A strong typhoon slammed into the rice-producing Philippine northern region on Sunday, sparking warnings of possible landslides, flash floods and storm surges, national disaster agency officials said.
Typhoon Kalmaegi, with central winds of 130 kph (81 mph) and gusts of up to 160 kph, made landfall early evening Sunday in Isabela province, dumping heavy rains that soaked farms, said Alexander Pama, executive director of the national disaster risk reduction and management council.
“I am calling on our countrymen … take proper precautions for your situation and listen to the warnings of your village leaders. Do not wait for the storm to hit you,” Pama said in a live television broadcast.
Residents in at least nine northern provinces, which have been drenched by days of rains, were warned to take precautions and stay away from already soggy mountainsides and swollen rivers.
At least three towns in the direct path of the storm have initiated a “pre-emptive evacuation,” the National Disaster Risk Reduction and Management Council said.
Classes have been suspended in cities and provinces that are expected to be swamped by floodwaters overnight or on Monday.
Kalmaegi, known locally as “Luis,” is moving west northwest at 22 kph, but is expected to weaken and lose speed as it will cross a mountainous region before exiting into the South China Sea.
“There are still no reports of casualties and damage,” said Pama. “We are initiating our disaster response. We will evacuate flood prone and low lying areas, we have pre-positioned food packs for displaced families.”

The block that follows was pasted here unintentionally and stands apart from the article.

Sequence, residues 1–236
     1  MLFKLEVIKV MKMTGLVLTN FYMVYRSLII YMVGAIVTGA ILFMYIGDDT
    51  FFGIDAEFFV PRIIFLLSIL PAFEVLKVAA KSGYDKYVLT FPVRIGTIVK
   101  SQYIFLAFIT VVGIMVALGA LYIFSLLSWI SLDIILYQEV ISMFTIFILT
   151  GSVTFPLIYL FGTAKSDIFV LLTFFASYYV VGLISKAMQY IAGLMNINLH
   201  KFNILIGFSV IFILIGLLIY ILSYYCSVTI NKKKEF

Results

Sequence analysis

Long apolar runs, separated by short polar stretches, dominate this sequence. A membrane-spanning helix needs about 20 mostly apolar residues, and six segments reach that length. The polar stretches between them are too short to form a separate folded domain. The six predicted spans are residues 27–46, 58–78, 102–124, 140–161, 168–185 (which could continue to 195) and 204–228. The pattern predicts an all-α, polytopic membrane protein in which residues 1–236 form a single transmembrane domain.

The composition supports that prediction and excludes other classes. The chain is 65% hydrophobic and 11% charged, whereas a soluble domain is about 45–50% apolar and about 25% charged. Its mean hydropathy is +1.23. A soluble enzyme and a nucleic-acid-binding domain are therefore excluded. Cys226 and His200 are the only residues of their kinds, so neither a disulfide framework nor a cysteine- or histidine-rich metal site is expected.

The disaster agency has no estimate on the number of people that were moved to shelter areas, but hundreds had evacuated coastal villages as the storm approached.
Typhoon alert levels were raised in 22 provinces, mostly in the northern and central plains of the main island of Luzon.
On Sunday, civil aviation authorities grounded 24 domestic flights while the coast guard stopped ferries and fishing boats from going to sea. Soldiers were placed on alert to evacuated communities.
“Some farmers have started to harvest rice and corn days before the typhoon,” said Norma Talosig, head of the Office of Civil Defense in the Cagayan region, a major rice production area in the Philippines.
Kalmaegi, the Korean word for seagull, is the 12th weather disturbance to batter the Philippines this year.
The calamity-prone archipelago is lashed by about 20 storms and typhoons every year. Typhoon Rammasun killed 98 people and left five others missing in provinces around Manila in July.
Some material for this report came from Reuters, AFP and AP.